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Fog, The (Avco 1979, Adrienne Barbeau, Hal Holbrook)

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After the apt prefacing Poe quotation: ‘Is all that we see or seem/ But a dream within a dream?’, The Fog opens with John Houseman as an old sea-dog telling an eerie tale to a group of wide-eyed children sitting in the flickering circle of light cast by a camp fire. ‘The opening,’ enthused Monthly Film Bulletin, ‘is as stunningly effective as anything John Carpenter has done to date.’

Houseman then recounts the legend of the Elizabeth Dane, a ship whose drowned crew and passengers, lured by six wreckers onto the rocks at the Californian coastal town of Antonio Bay during a thick fog, will return with the fog in 100 years’ time to exact vengeance. Exactly a century later, on the eve of centennial celebrations planned by a committee headed by Janet Leigh, a series of bizarre events unfolds. Adrienne Barbeau, who operates the local radio station from an old lighthouse, warns a trawler of worsening weather, but it is caught in a sudden fog and all three crew members, including Barbeau’s husband, are killed by spectral seamen.

The next day, Tom Atkins and Jamie Lee Curtis, a hitchhiker he has picked up, see one of the dead trawler-men return to life briefly and priest Hal Holbrook discovers his grandfather’s journal in the church. From it, he learns that his grandfather was one of six founders of the community who wrecked the Elizabeth Dane and stole its gold to make the church’s crucifix.

The centennial celebrations get under way and Barbeau realises the fog is moving aqainst the prevailing wind. And something horrible happens to forecaster Charles Cyphers as the fog envelops his weather station… When the power station inexplicably blows up the now understandably panicked citizens converge on the church. Five people have now died, including Barbeau’s housekeeper Regina Waldon – and, as the vengeful living dead advance, Holbrook offers himself, with the crucifix, as the sixth victim…

Carpenter had named Halloween’s psychotic killer ‘Michael Myers’ as a tribute to British film distributor Michael Myers, who had very successfully released Carpenter’s Assault on Precinct 13. The Fog found Carpenter continuing his homage to past collaborators. The character played by Tom Atkins was named ‘Nick Castle’ after the man who portrayed Michael Myers (and later directed Tap), and the screen name of Charles Cypher’s weatherman was ‘Dan O’Bannon’ who, in real life, was Carpenter’s co-writer (and actor/ special effects collaborator) from his first film, 1974’s Dark Star.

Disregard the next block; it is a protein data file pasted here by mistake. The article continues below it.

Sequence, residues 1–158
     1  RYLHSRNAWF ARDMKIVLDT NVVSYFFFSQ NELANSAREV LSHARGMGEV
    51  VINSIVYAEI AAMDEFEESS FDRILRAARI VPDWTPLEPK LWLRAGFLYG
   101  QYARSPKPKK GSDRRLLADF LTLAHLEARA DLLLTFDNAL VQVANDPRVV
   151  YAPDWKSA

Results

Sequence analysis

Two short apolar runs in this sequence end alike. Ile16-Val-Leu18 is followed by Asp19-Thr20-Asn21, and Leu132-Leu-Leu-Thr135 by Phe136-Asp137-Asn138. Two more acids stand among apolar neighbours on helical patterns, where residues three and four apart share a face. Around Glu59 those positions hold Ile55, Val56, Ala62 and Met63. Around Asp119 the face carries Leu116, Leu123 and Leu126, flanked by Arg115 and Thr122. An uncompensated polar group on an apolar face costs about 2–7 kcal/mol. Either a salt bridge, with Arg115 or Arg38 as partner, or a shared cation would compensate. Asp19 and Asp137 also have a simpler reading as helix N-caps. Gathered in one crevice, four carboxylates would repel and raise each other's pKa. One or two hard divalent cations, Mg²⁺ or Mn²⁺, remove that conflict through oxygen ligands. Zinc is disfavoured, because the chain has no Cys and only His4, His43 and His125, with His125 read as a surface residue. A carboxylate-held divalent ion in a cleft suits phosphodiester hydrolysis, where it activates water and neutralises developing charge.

‘Like the best ghost stories, the film is enjoyably scary,’ wrote Cinefantastique. It is a prime shocker which fits in exactly with Carpenter’s own definition of the much-maligned genre. ‘Horror films,’ he says, ‘are just fabulous escapism. You can really just go in and forget all your problems.’ He doesn’t waste any time in creating stark, sustained suspense. The mise en scene delivers a series of sharp well-timed shocks and Carpenter also ensures the tension is vividly potentiated and rarely lets up until the well-constructed climax.

Originally, The Fog was to have depended almost entirely on mood and atmosphere for its effect. But, said Carpenter, ‘We went back and added the visceral shock. Had this not been a fantasy, it (our original plan) might have worked. But it was a miscalculation on my part. We’ve come a long way since Val Lewton. My commercial sense told me something was missing. I don’t mean to put down Val Lewton. I just came to a point on The Fog where I said, ‘They have seen Alien, Halloween, Phantasm, and a lot of other movies. If my film is going to be viable in the marketplace, it’s got to compete with those.’

Originally I was trying to compete only with Val Lewton movies – very understated horror with a brooding atmospheric feel to it. But if you released Isle of Dead today (1980), I don’t think it could compete because it doesn’t have those visceral shocks.’ After an initial screening, Carpenter was given money to shoot some additional scenes, notably the title sequence and the sound effects were redone to excellent effect, and noted Carpenter, ‘the changes amount to less than 10 per cent, but what a difference.’

production details
USA | Avco | 89 minutes | 1980

Writers: John Carpenter, Debra Hill
Cinematography: John Carpenter, Dean Cundey
Production Design: Tommy Lee Wallace
Producer: Debra Hill
Director: John Carpenter

cast
Adrienne Barbeau as Stevie Wayne
Janet Leigh as Kathy Williams
John Houseman as Mr. Machen
Tom Atkins as Nick Castle
Jim Haynie as Dockmaster
John F. Goff as Al Williams
Ty Mitchell as Andy
Jamie Lee Curtis as Elizabeth Solley
James Canning as Dick Baxter
Charles Cyphers as Dan O’Bannon
Nancy Kyes as Sandy Fadel
Hal Holbrook as Father Malone
George Buck Flower as Tommy Wallace
Regina Waldon as Mrs. Kobritz
Darrow Igus as Mel

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